Tokyo Mirage Sessions ♯FE Encore isn't much of an overhaul or upgrade from the original Wii U title, but for anyone that missed its first performance this is a great opportunity to find new fans with a second showing. The core RPG elements remain wonderfully satisfying when you pull off long Session chains, and crafting weapons to unlock new skills is completely addictive, even if the crafting process is slower than it ought to be. Switch owners should be pleased to find yet another solid RPG port on Nintendo's hybrid system.
 
Rating: 8 out of 10 Sessions

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I bought the Wii U version sometime after my birthday in August, the following month when we had our last direct, it was announced that there would be a port of this game to the Switch coming out early next year. When that was announced, I was 3 chapters in.

 

Bought the port in February and finished it a few days ago. As mentioned by Eli, they combat is what I feel you really come to this game for, I akin it to Chrono Trigger double and triple tech. In both games you are using moves you already learned and combining them for great damage, only it's like chain attack borrowed from the Xenoblade series as well.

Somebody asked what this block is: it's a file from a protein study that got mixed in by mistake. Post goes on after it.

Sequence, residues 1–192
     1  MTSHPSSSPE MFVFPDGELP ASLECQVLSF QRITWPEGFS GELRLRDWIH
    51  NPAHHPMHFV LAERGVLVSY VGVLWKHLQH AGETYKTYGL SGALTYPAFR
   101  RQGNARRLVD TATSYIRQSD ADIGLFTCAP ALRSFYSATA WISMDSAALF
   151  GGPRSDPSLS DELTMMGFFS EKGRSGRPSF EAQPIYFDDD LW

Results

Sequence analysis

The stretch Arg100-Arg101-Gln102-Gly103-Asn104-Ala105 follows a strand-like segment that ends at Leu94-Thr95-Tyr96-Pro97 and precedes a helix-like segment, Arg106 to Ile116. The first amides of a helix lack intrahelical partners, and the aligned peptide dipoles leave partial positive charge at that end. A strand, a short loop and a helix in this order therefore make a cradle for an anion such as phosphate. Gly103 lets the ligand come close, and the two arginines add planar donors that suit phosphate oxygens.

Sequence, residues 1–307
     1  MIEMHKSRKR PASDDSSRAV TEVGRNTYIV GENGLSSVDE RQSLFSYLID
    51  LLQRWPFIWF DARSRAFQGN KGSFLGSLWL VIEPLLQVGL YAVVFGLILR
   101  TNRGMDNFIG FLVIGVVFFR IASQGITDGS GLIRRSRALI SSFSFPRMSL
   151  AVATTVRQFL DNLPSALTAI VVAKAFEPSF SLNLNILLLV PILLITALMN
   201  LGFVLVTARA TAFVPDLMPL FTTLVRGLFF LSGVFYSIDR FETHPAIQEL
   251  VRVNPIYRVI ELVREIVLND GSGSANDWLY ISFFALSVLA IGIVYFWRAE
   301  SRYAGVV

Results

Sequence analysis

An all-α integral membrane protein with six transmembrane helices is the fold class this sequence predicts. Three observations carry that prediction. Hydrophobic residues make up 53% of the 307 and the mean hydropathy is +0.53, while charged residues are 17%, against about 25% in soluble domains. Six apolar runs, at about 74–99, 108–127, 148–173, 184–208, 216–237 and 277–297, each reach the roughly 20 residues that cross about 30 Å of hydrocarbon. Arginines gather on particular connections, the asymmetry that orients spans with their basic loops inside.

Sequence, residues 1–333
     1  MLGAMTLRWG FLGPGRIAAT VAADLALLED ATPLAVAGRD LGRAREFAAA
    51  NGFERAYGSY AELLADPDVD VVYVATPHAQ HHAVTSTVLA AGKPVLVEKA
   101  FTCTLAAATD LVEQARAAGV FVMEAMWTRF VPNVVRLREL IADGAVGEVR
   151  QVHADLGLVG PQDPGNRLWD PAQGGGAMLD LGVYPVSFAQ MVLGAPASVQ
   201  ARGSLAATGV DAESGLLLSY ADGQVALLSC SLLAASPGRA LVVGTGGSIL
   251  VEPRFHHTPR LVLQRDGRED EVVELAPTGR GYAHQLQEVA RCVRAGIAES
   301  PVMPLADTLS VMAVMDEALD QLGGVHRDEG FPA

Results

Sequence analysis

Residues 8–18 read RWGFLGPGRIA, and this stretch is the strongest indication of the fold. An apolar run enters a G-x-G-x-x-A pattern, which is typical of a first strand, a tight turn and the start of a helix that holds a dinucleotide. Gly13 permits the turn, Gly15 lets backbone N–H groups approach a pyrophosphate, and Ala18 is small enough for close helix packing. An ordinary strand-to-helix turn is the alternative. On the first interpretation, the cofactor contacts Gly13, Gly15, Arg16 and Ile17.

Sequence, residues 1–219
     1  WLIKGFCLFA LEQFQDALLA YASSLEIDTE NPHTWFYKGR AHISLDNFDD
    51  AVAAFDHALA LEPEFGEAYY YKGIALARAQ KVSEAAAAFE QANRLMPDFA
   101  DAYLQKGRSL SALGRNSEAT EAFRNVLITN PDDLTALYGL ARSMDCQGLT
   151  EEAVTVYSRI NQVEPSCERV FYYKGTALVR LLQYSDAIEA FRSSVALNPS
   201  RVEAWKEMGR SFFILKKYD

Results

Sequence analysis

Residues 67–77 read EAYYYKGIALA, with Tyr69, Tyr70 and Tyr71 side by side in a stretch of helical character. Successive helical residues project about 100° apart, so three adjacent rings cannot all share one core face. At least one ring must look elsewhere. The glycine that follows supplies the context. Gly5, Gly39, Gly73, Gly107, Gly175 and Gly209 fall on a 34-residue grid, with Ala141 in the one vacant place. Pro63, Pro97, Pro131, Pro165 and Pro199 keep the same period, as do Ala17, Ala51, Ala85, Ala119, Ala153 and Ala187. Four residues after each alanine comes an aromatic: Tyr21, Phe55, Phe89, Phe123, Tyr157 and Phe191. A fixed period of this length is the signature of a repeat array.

Yeah, it can be easy to get session wants you know the mirage weaknesses but opposite is not true when your foes do it to you especially on boss runs.

 

Dungeon play is not bad but like the last to dungeons before the last chapter of the game, are ones I really detest. It requires you to memorize which doorway to go based on number location on some screens. It wouldn't be so bad if the next corridor are arranged in a way where you can locate the numbers but the corridor is disorienting, I had literally had to guess which door was correct and just save right after I go through the right door, if I didn't do that and go through the correct one you could be lost forever.

 

The pop idol and acting stuff were not a bother to me and I loved the character the only thing that is a misstep is the last couple of dungeons. Otherwise this is a really great game.